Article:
There are always times within a race whether climbing a hill or passing someone that you will be required increase your power. This will inevitably cause the heart rate to go up and the breathing to increase. Typically, this could also be a period where you begin to feel uncomfortable.

By doing speed intervals (Fartleks or whatever you label them ) and then slowing the pace to 80 – 85% of normal you are teaching your body to recover on the fly. This is important because you don’t want to have to walk every time to you run up a hill or increase your speed slightly. ( There are certain times this is acceptable, but by in large we try to avoid )

It can also help you learn to handle that uncomfortable feeling of an elevated heart rate.

These are things you can do on your own during your long runs with no assigned times. Pick your pace up slightly..and then bring it back down. On a hill, run through the top of the hill…don’t slow down at the top.


Cheers and Run for FUN!

Dream, Believe and be Fair!


It’s inevitable, that once you start running and get to a point where you add endurance…a seemingly endless amount of doors open up. They’re new, bright and flashy like a new car. 

The trouble is, like a new car, getting it is easy. Learning how to handle it may be the hard part. I’m not much a role model when it comes to what I am about to preach. In fact, I can honestly say that most of what I caution you not to do, I have done. That’s why I think I can preach this. I have miles and scars.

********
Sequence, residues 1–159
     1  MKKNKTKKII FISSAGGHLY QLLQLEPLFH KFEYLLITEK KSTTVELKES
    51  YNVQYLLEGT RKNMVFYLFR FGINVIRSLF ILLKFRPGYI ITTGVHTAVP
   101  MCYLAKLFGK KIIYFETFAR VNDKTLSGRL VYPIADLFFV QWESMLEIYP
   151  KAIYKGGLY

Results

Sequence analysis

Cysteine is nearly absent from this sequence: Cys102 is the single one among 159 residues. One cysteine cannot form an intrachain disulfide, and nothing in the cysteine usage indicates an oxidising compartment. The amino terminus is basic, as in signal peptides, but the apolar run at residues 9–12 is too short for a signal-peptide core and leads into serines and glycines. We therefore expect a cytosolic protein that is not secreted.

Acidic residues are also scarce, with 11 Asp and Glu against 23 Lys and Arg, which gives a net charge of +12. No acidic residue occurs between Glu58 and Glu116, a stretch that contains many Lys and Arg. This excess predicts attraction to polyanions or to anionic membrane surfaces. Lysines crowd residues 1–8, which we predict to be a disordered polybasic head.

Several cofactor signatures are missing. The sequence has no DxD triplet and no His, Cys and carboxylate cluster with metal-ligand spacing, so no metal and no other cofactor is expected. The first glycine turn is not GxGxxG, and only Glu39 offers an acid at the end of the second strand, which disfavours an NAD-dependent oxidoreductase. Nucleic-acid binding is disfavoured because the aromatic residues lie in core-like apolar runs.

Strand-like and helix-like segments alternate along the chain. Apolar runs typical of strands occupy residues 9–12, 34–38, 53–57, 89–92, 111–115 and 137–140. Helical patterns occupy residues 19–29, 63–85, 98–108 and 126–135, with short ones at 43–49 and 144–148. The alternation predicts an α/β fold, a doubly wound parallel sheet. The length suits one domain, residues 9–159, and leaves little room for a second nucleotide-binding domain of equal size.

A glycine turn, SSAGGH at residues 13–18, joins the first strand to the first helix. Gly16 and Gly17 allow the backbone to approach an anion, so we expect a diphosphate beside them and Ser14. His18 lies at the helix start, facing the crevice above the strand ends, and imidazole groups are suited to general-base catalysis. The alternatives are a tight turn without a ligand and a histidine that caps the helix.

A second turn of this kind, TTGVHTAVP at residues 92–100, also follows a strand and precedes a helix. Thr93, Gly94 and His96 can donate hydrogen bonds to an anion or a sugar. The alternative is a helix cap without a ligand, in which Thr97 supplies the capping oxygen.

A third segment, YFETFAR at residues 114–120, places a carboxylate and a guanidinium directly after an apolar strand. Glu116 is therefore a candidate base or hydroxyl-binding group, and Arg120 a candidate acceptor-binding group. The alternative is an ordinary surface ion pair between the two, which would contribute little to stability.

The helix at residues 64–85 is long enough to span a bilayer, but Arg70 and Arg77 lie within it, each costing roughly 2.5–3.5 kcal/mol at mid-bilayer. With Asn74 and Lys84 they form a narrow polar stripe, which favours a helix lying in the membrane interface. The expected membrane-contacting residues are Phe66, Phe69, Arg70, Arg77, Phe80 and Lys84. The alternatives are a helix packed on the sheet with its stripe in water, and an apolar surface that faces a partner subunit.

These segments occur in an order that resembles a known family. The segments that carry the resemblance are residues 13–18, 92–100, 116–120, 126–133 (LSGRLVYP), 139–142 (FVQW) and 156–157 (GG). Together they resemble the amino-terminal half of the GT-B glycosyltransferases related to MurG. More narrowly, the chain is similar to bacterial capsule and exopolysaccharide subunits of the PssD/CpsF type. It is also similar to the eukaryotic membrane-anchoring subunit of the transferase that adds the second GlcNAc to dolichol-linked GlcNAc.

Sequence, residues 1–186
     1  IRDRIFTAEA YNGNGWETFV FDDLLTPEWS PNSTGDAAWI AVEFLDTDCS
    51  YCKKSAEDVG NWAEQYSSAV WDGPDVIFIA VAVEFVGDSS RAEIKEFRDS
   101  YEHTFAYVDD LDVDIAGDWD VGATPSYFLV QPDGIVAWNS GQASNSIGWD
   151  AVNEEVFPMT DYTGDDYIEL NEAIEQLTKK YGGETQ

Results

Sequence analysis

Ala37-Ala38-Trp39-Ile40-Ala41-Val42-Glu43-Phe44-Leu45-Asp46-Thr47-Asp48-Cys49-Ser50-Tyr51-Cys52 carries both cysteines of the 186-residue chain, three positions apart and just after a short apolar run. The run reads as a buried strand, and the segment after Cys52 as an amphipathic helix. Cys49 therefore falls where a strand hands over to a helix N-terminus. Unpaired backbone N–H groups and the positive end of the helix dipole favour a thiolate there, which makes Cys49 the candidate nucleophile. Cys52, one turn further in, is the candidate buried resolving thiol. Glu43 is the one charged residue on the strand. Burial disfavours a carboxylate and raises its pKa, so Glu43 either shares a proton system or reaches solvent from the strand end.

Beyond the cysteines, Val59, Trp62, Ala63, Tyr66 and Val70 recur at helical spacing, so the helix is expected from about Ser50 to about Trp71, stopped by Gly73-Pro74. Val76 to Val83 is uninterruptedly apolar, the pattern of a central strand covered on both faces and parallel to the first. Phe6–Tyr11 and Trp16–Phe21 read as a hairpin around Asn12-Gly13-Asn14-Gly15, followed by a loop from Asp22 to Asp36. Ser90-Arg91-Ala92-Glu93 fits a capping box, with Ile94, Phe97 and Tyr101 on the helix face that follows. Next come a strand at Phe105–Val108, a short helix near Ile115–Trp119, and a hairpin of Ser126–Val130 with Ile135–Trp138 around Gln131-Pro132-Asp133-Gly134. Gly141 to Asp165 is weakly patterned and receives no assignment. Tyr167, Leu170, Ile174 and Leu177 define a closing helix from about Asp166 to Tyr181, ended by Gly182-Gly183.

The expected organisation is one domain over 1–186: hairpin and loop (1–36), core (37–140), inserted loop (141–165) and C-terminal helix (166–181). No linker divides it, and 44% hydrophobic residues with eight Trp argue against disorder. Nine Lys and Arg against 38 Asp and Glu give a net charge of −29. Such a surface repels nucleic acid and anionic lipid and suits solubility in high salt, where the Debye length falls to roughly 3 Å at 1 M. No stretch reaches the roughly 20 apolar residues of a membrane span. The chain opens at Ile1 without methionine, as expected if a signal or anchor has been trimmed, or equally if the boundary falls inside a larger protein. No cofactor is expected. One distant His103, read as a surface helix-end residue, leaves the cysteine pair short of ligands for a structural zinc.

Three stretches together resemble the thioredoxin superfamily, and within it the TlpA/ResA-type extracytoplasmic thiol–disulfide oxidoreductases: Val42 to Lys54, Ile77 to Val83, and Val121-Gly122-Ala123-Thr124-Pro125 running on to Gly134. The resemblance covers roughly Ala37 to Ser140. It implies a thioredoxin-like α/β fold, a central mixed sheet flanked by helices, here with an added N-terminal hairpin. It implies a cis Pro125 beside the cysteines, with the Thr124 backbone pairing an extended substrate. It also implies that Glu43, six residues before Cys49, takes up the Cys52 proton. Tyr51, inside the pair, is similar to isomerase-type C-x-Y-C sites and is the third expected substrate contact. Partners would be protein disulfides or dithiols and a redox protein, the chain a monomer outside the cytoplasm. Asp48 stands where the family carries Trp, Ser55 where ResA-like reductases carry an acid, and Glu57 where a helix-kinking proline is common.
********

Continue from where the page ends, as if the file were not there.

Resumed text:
In 2010, I ran my first marathon. I followed that up, with my first Half Ironman in New Hampshire. I followed that up, with my first Ultra in September, followed by another marathon one month later in October.  By the time I finished my marathon in October, I was wrecked, sick and on the verge of injury. It took me weeks and weeks to totally recover physically and mentally.

The problem was, I was physically up to the challenge (more or less)…but I was not mature enough to realise that it was incredibly stupid. I did not respect the distances or the training. I figured now that I had this base, I could go anywhere and do anything. I was going to be “one of those guys’  who never get injured and seem to race all the time.

Well, those guys don’t exist. If you talk to the people who you think do that, you’ll learn that what you think is not the reality. In fact, they are more careful then anyone, with very select races…carefully planned training and an ultra conservative base and team behind them. 

Last year, I raced less then I ever have. 

April, June, Aug and Sept.  With these races, I trained specific and focused without getting distracted. What I wanted to do and what I needed to do were two very different things.

I spent a lot of time trying to get my form right and learning about my body. I learned the importance of core, of flexibility and real nutrition. I rushed nothing and I had what I consider my most successful season ever. There was not 1 KM I took for granted, or wanted to do “just because” I could. It was because I trained for it and I could see it all ahead of me as part of the plan. 

My point to everyone, is that when I ask you to write your goals down! Go Big!!! But be realistic and fair to yourself. Respect the training and time that goes into it these things and allow yourself to do it the right way. Enjoy your journey and the lessons along the way, some of those will not come from the physical activity. 


Cheers! Run happy.